• fever
• infertility

18

Neisseria gonorrhoeae:

g. Can be transmitted to baby _ or during _
• _ most common (but silver nitrate in eyes of newborns prevents this manifestation)

h. Diagnosis: _ of organism from affected site (specialized media). Also some _ tests available.

i. Treatment: _
• _

j. Co-infection with _ (_) common and should be tested for 15-25% men, 35-50% women with gonorrhea

g. in utero
delivery
• Conjuctivitis

h. culture
molecular

i. cephalosporins
• Ceftriaxone

j. Chlamydia (C. trachomatis)

19

Neisseria gonorrhoeae:
Pathogenesis and virulence factors

a. A strictly _ pathogen

b. Organism needs to attach to _ cells (non-ciliated)—allows penetration to _ tissues

c. _: major virulence factor needed for attachment
• Undergoes _ and _

d. _ proteins: strains can express 0-11 opa proteins, some simultaneously (not usually more than 3 at a time)
• _ and _
• Increase _ between bacteria and to host cell

e. _: _
• Lipid _ and core oligosaccharide without _ antigenic side chains
• Core sugars undergo _ and _

a. human

b. columnar epithelial
submucosal

c. Pili
phase and antigenic variation

d. Opa
Phase and antigenic variation
adherence

e. LOS: lipoligosaccharide
A
O
phase and antigenic variation

20

Neisseria gonorrhoeae:
Pilus phase and antigenic variation

a. conserved and variable regions in _ protein (subunit for pilus)

b. _ locus is expression site; _ contains variable regions, 1-6 copies of pilS in chromosome. PilS is transferred to _ site for expression. “_”

c. Neisseria naturally _ (take up DNA)

pilS sequences can come from other Neisseria in _ and by _, be expressed from pilS

d. Also can occur between two copies on the _

e. Leads to _ (each pilS is different)

f. can lead to _ (turning pilus off) if non-functional pilE/S combination occurs

g. no immunity to _ due to antigenic variation

h. antibodies against pilus cannot be protective against challenge with a strain with an _

i. vaccine?

a. pilin

b. PilE
pilS
pilE
"gene conversion"

c. transformable

population
homologous recombination

d. same chromosome

e. antigenic variation

f. phase variation

g. reinfection

h. antigenically distinct pilus

i. no vaccine because of antigenic and phase variation

21

Trypanosoma brucei sp gambiense or rhodesiense:

a. Causative agent of _

b. parasitic organism: _ _ _

c. transmitted by _ which are found only in _

d. trypomastigote form lives within the _ of mammalian host ((intracellular / extracellular) parasite)

e. disease course:

i. Stage I: _ at site of infection (tsetse fly bite), then systemic spread with _, onset of _ (intermittent high _ and _ states), _, transient _, _

ii. Stage II: _ involvement. Parasites reach _ and _. Different _ manifestations—including sleeping during the day.

a. African trypanosomiasis (Sleeping sickness)

b. flagellated protozoan parasite

c. tsetse fly
Africa

d. blood
extracellular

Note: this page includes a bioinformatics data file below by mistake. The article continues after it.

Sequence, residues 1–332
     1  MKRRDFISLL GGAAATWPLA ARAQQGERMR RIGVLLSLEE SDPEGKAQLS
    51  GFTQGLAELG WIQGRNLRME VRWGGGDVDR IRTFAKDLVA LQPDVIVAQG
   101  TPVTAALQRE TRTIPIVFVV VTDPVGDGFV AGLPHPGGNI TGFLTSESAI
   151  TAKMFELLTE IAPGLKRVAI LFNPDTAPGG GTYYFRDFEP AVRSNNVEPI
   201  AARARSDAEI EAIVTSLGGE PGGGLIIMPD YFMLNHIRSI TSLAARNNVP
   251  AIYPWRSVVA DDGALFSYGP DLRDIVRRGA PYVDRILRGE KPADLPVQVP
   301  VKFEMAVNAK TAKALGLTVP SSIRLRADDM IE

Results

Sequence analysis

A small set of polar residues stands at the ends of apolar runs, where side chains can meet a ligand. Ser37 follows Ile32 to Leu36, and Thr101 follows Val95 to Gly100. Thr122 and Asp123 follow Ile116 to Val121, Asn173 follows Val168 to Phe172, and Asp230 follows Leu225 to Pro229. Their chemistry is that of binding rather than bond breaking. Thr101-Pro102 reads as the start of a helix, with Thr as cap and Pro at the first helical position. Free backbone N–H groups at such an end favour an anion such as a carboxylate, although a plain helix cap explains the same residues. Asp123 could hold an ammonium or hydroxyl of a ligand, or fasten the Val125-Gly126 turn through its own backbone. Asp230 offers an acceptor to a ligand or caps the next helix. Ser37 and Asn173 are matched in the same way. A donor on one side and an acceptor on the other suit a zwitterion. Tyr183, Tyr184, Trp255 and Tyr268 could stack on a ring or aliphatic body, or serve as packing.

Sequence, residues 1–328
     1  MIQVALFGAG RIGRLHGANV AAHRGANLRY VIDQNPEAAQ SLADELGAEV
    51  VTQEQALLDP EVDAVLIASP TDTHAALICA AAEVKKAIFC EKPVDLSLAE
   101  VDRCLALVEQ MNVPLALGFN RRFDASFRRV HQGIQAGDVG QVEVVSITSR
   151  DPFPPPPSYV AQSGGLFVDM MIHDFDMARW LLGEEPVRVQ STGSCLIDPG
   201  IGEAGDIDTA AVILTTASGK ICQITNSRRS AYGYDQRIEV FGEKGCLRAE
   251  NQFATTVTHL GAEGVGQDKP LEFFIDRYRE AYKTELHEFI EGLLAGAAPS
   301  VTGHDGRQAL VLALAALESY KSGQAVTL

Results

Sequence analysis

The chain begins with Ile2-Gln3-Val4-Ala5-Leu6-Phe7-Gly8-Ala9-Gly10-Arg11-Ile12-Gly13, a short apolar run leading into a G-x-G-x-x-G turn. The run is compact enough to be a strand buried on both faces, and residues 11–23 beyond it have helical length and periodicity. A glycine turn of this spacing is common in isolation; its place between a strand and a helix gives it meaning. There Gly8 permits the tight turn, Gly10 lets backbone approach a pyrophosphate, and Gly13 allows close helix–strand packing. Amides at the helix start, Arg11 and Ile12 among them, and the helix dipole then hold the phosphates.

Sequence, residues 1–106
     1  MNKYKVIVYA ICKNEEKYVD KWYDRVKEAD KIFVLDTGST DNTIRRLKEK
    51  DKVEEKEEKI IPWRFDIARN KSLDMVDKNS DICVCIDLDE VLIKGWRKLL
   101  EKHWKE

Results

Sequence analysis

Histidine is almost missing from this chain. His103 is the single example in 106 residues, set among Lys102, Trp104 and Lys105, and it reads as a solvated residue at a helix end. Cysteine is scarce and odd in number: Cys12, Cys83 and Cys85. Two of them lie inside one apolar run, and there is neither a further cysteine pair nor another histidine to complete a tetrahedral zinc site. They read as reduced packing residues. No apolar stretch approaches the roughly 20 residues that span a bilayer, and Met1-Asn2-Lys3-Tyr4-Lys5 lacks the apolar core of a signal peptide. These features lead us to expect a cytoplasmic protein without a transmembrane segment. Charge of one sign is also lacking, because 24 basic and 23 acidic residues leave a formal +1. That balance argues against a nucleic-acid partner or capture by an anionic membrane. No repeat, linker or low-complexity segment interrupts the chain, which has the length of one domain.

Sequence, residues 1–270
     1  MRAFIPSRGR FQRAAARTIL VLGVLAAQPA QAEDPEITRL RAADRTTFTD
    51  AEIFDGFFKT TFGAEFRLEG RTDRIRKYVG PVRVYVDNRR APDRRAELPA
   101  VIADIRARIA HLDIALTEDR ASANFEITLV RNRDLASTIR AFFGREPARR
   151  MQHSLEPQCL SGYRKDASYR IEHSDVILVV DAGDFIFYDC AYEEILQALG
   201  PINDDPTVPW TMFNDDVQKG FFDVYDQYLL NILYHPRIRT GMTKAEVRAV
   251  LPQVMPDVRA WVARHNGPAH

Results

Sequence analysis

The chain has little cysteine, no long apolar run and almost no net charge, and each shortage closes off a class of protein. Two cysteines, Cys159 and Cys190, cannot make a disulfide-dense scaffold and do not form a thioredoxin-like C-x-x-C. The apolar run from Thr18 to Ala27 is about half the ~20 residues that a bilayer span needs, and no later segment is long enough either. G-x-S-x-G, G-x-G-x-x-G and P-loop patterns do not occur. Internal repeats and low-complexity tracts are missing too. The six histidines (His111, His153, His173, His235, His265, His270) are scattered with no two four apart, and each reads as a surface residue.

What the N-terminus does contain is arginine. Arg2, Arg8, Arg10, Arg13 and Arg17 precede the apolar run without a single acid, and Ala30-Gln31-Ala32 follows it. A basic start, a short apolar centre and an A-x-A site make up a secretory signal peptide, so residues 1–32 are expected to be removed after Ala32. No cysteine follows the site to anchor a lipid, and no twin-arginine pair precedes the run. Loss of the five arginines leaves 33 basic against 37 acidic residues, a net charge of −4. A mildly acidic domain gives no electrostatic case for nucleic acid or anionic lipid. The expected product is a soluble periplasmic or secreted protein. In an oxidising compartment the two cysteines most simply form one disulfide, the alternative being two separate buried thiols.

i. chancre
lymphadenopathy
fever
fevers and afebrile
anemia
transient edema
rash

ii. CNS
brain and meninges
neurologic

22

Trypanosoma brucei sp gambiense or rhodesiense:
Pathogenesis

a. Must survive in _ (intracellular / extracellular), with antibodies developing against parasite.

b. Survival requires antigenic variation of _ which surrounds parasite (major protein on surface)

c. As antibodies are raised against one type of _, new parasite with antigenically distinct _ emerges

d. Waves of _ occur

a. bloodstream
extracellular

b. variable surface glycoprotein (VSG)

c. VSG
VSG

d. parasitemia

23

Trypanosoma brucei sp gambiense or rhodesiense:
Antigenic variation

a. VSG variation occurs by several mechanisms, but mainly _

b. _ of silent VSG sequences into an active VSG expression site (_): most important

c. _ exchange downstream of expression site

d. Turning on a new _ while turning off the old one

e. Mechanisms for many of these still not clear

f. Allows escape of parasite from _ and survival in _

a. gene conversion

b. Homologous recombination
gene conversion

c. Telomeric

d. expression site

f. antibodies
bloodstream

24

Trypanosoma brucei sp gambiense or rhodesiense:
Diagnosis and treatment

a. epidemiology and clinical findings help establish diagnosis, but definitive diagnosis requires demonstration of _

b. _ if stage I may yield parasites

c. _ examination essential in stage II: increased cell count, parasites

d. Some _ available for treatment, depends on clinical stage, parasite, side effects, etc.

a. parasite

b. blood smear

c. CSF

d. drugs

25

Other Trypanosoma species of medical importance: Trypanosoma cruzi

a. causative agent of _

b. location: _

c. _ stage and _ stage

d. Does NOT undergo classical _ of surface proteins (mostly (intracellular / extracellular) in human host)

e. Evades _ to avoid killing in the blood

a. Chagas disease

b. South America (Brazil)

c. Blood
intracellular

d. antigenic variation
intracellular

e. complement

26

Other examples of antigenic or phase variation:

_ (malaria)
_ (Lyme disease)
_ (meningitis)
_ (flagellar phase variation)

(6)

Plasmodium falciparum
Borrelia burgdorferi
Neisseria meninigitidis
Salmonella

Haemophilus influenzae
E. coli
Campylobacter
Bordetella pertussis
Stretococcus pneumoniae
Streptococcus pyogenes